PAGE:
The Bank of England (BoE) on Thursday hiked its interest rate by half a point to 3.5 percent, the highest level in 14 years, in a bid to cool sky-high inflation.
The increase was the BoE’s ninth in a row, while the amount matches a hike Wednesday by the US Federal Reserve. The European Central Bank announces its latest rate decision at 1315 GMT.
“The labour market remains tight and there has been evidence of inflationary pressures in domestic prices and wages that could indicate greater persistence and thus justifies a further forceful monetary policy response,” the BoE said in a statement following its latest rate call.
The hike was less than in November when it lifted borrowing costs by 0.75 percentage points.
The Fed also slowed the pace of its tightening on Wednesday, as inflation eases on both sides of the Atlantic.
The BoE on Thursday added it expects the UK economy to contract 0.1 percent in the fourth quarter, better than its previous forecast for a contraction of 0.3 percent.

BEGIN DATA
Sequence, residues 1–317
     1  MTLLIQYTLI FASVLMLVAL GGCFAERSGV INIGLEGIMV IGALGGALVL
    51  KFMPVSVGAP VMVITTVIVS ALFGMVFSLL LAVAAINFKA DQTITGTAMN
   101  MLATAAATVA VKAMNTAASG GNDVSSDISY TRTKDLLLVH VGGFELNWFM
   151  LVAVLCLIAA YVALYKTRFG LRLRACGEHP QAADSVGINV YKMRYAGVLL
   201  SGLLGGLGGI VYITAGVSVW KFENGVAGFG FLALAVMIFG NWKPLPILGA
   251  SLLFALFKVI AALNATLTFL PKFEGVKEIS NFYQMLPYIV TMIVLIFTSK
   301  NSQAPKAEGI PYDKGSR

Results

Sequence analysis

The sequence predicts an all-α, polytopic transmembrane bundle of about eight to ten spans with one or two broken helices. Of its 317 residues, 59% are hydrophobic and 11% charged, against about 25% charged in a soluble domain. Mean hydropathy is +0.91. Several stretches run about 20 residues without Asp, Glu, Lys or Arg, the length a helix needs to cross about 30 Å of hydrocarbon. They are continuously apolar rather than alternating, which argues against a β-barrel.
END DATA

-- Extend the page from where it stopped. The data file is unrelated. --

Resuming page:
The UK government has said the British economy is in a recession that it expects to carry on into next year on fallout from rocketing energy and fuel bills.
UK inflation stands at 10.7 percent, the highest level for around 40 years, with prices surging on supply constraints caused by Russia’s invasion of Ukraine, the lifting of pandemic lockdowns and Brexit fallout, according to economists.
Soaring prices are eroding the value of wages, causing public and private sector workers to go on strike in an attempt to secure higher salaries.
While boosting savers, rising interest rates are increasing loan costs for individuals and businesses.
“To make matters worse, higher mortgage payments will come on top of all the other soaring costs — from food to fuel,” noted Sarah Coles, senior personal finance analyst at stockbroker Hargreaves Lansdown.
Strikes over pay
UK nurses on Thursday staged an unprecedented one-day strike as a “last resort”, despite warnings it could put patients at risk.
It follows fresh walkouts by railway staff, while planned stoppages by passport control and postal workers spell Christmas misery for millions of Britons.
The UK consumer prices index eased in November from October’s annual inflation rate of 11.1 percent, official data showed on Wednesday.
The BoE meanwhile began to raise its rate in December last year, when it had stood at a record-low 0.1 percent.
Paul Dales, chief UK economist at Capital Economics, said on Thursday that he expected the BoE to keep on hiking up to a peak of 4.5 percent early next year, as inflation remains at historically-high levels.